The punch and counterstamp style of mutilation ordered and sanctioned by Macquarie was not unique to New South Wales. A quick scan through Craig's catalogue shows that similar mutilations had occurred in British Guiana (1808), Prince Edward Island in Canada (1813), Dominica (1761-1818) and St Vincent (1798) and in their catalogue Mira and Noble say that Macquarie was emulating his colleagues in the Americas and West Indies. It is conceivable that that Macquarie or members of his staff knew of the practice, particularly from the Caribbean colonies.

That it was possible to convert a 5/- coin into two worth 6/3 was certainly noted with interest by some inhabitants of the colony who quickly sought to emulate the fine example set by the government of the day. The result was a number of contemporary counterfeits of the ring dollar and dump, a few of which are illustrated by Mira and Noble. Some of the forgeries were crude and were executed by simply punching out the centre of a Spanish dollar without bothering to imprint any counterstamp. Others were more sophisticated and were really quite good forgeries. One of the most interesting was a well-executed counterstamp with the date reversed (3181 instead of 1813). It is difficult to imagine how the forger could have taken so much care to produce such a good copy of the genuine article and yet still manage to make such a glaring mistake. We can speculate that if the forger subsequently corrected this error then he may well have succeeded in producing a significant number of high-quality counterfeits which passed unnoticed in the colony.

Colonial dollars and dumps were current coin in the colony for several years until they were recalled in 1822 as part of the establishment of the Spanish dollar as the official currency of New South Wales.

The Dollar Standard

In the years 1822 to 1825 under the governorship of Brisbane, the colonies in New South Wales came very close to adopting the dollar as the principal unit of currency. According to Butlin, the main proponent was not Brisbane himself but the Colonial Secretary, Major Goulburn.

Holey dollars and dumps were exchanged at nominated value provided they were presented before 5/9/1822 in New South Wales and 21/9/1822 in Van Diemen's Land. Thereafter the rings were re-issued as 3/4 dollars and the dumps as quarter dollars. This was a devaluation of the holey dollar, necessary to restore parity with the unmutilated coins. Less obviously, it was also a devaluation of the dump. During the transition period, rings and dumps were received at 5/- and 1/3 respectively but when the coins were re-issued the value of the Spanish dollar was set at 4/-. (The ring had dropped in value from 5/- to 3/-.) Copper coins were to be valued in terms of dollars, with a halfpenny equal to one cent.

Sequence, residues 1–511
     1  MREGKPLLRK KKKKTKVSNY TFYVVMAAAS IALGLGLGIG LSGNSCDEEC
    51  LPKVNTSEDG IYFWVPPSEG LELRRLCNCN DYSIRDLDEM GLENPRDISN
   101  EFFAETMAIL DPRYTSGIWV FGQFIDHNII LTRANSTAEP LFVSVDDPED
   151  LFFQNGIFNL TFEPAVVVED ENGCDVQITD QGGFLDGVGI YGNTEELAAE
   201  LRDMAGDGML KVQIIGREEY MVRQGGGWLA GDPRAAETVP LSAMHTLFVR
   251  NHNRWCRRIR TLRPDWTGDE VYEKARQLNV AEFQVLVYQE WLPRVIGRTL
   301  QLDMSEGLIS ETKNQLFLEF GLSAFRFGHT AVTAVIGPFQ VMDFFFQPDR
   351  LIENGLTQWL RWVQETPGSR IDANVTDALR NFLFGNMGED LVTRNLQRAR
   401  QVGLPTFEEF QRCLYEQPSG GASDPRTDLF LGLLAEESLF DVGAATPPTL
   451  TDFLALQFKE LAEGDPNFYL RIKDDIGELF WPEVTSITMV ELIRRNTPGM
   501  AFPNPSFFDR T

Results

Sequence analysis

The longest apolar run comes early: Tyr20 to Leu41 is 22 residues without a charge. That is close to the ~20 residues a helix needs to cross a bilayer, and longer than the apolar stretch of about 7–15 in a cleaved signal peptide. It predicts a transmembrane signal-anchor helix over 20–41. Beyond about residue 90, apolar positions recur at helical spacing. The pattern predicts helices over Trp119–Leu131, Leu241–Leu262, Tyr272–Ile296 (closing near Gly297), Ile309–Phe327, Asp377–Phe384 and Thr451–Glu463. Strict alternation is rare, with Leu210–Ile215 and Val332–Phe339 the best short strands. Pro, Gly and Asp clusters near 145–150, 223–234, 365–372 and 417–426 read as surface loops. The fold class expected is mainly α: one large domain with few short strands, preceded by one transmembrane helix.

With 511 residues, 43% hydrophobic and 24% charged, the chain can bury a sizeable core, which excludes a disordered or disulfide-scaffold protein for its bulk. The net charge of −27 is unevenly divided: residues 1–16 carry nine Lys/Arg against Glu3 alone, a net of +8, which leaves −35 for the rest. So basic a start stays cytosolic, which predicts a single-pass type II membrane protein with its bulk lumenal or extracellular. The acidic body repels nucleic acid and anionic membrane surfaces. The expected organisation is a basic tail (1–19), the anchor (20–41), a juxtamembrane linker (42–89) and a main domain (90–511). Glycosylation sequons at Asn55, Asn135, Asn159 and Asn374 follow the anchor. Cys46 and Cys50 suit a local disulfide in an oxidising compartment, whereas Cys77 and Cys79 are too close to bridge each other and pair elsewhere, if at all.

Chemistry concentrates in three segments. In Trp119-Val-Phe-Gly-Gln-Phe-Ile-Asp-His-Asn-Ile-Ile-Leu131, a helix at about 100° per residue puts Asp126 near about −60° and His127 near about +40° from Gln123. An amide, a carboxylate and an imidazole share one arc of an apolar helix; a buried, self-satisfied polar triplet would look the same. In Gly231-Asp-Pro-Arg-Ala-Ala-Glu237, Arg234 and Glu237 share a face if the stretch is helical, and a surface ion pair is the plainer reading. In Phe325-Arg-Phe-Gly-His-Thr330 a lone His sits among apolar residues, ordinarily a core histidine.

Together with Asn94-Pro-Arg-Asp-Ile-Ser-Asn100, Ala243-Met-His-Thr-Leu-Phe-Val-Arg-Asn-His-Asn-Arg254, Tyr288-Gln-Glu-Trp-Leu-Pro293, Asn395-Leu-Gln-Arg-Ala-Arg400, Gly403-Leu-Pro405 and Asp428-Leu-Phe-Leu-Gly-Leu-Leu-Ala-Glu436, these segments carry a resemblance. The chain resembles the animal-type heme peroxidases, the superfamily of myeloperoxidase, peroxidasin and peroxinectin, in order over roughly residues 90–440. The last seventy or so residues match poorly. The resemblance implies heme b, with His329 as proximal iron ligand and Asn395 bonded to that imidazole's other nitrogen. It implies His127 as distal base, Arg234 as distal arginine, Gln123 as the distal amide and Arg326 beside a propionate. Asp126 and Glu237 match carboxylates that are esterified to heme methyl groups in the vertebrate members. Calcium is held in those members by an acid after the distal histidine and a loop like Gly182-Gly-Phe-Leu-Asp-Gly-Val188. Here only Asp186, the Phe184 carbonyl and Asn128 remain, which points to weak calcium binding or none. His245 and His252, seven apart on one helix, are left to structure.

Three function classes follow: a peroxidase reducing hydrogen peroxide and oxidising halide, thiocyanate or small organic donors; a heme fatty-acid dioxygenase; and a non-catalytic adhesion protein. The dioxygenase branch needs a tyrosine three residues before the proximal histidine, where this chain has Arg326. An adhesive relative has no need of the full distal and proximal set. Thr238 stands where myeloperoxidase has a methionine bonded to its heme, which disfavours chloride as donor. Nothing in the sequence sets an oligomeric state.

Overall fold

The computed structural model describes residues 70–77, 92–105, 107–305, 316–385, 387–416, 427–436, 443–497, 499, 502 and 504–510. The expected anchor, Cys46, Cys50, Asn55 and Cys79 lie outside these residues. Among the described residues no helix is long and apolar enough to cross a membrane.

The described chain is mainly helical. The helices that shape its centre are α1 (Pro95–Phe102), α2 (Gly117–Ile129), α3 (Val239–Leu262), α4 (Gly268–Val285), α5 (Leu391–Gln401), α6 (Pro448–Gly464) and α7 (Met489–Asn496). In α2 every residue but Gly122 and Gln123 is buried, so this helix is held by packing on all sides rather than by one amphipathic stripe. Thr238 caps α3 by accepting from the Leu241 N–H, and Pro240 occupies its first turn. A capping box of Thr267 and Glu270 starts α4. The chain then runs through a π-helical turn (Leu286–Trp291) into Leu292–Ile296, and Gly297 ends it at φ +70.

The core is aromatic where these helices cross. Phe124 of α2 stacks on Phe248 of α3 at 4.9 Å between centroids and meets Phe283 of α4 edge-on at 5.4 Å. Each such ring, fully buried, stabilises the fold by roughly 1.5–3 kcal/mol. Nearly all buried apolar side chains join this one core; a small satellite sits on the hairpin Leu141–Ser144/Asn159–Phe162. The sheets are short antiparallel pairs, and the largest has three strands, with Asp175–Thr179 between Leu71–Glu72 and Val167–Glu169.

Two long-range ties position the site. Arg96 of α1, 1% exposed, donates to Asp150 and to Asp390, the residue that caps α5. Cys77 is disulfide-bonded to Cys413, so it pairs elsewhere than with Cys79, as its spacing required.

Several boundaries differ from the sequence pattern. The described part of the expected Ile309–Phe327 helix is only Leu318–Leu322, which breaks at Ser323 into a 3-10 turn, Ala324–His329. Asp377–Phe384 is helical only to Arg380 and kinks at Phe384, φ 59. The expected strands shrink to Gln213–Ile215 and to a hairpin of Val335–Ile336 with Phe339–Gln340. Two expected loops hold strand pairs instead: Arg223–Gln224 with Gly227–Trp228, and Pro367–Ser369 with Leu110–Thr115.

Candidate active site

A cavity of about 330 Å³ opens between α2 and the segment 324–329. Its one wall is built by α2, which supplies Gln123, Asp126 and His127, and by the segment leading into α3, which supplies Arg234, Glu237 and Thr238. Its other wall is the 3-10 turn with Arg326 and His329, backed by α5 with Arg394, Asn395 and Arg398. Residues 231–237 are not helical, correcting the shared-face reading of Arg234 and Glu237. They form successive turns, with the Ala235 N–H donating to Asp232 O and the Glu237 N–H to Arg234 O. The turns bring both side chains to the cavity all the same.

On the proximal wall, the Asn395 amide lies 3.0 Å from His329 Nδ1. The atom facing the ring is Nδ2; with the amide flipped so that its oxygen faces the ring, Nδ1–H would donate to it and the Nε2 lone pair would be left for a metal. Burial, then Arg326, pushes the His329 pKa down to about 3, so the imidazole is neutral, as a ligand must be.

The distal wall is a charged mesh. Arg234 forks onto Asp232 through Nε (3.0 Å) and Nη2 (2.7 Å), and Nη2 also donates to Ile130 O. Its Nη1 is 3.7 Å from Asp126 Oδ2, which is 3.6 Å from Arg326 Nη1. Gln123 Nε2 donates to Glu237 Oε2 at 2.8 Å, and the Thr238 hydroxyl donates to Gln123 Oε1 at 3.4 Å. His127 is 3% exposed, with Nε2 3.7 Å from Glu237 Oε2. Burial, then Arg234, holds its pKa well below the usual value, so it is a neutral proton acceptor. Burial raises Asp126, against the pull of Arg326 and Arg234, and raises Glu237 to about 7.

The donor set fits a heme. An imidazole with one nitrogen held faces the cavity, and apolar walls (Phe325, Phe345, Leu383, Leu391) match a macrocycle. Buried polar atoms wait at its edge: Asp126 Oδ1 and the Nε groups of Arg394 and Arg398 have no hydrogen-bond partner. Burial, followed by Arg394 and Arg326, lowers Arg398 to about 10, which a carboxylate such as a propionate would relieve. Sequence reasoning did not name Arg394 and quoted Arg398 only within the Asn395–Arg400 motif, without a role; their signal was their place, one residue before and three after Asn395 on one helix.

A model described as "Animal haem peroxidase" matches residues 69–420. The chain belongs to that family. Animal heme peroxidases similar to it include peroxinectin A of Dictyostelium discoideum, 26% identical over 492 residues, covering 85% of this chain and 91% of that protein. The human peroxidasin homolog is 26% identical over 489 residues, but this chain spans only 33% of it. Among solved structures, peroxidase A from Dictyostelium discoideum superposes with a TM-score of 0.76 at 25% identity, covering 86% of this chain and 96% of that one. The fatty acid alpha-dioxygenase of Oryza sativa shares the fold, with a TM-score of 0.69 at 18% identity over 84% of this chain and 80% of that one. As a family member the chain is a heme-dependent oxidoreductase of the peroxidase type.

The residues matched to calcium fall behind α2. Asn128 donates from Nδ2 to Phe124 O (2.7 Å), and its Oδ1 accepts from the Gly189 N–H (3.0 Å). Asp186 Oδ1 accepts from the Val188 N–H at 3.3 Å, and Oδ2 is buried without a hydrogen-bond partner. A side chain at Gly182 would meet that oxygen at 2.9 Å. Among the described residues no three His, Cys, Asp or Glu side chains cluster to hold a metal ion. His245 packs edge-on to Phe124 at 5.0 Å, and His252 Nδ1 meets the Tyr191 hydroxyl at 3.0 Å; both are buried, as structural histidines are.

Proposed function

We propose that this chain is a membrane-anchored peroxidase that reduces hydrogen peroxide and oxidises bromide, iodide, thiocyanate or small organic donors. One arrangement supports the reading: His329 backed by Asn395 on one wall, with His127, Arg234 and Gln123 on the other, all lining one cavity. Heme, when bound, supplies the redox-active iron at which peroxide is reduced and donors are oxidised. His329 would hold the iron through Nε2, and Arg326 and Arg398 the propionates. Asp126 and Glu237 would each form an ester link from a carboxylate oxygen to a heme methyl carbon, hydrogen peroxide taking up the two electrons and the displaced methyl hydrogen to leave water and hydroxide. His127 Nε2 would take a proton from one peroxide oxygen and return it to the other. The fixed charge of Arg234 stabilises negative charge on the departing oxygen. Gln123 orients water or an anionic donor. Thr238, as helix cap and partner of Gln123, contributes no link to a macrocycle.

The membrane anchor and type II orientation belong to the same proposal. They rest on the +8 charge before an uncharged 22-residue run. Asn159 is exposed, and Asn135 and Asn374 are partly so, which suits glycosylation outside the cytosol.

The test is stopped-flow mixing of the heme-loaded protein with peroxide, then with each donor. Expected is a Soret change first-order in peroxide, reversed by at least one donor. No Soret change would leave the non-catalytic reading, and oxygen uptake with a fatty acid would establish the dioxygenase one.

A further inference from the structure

The exchange rate between the dollar and the pound varied according to the type of transaction in such a way as to suggest official profiteering and favouritism. In 1825, for example, when the government paid for goods and services it reckoned the dollar at 5/-, payments to troops were at a rate of 4/8, government transactions used a rate of 4/4 and salaried officials were paid at the rate of 4/- to the dollar. Naturally, this evoked a good deal of unrest and caused the dollar to be viewed with some disfavour despite its acknowledged usefulness as a medium of exchange within the colony. (See Butlin pages 150-154 for more details.)

In May 1825 the exchange rate was fixed at 4/4 for all transactions but this did not establish the dollar as the unit of currency. It simply meant that dollars and pounds were inter-convertible at a standard rate.

The death blow to the dollar standard was dealt by the British Treasury which in 1825 sought to impose a uniform medium of exchange throughout all sections of the Public Service. To this end it arranged for substantial shipments of English coin to the colonies and issued Orders-in-Council providing that dollars could be substituted at the rate of 4/4 until such time as sufficient English coin became available. The first shipments of coin arrived in late 1825 and with stewardship of New South Wales transferred to Governor Darling (and separated from Tasmania) the gradual withdrawal of the Spanish dollar commenced.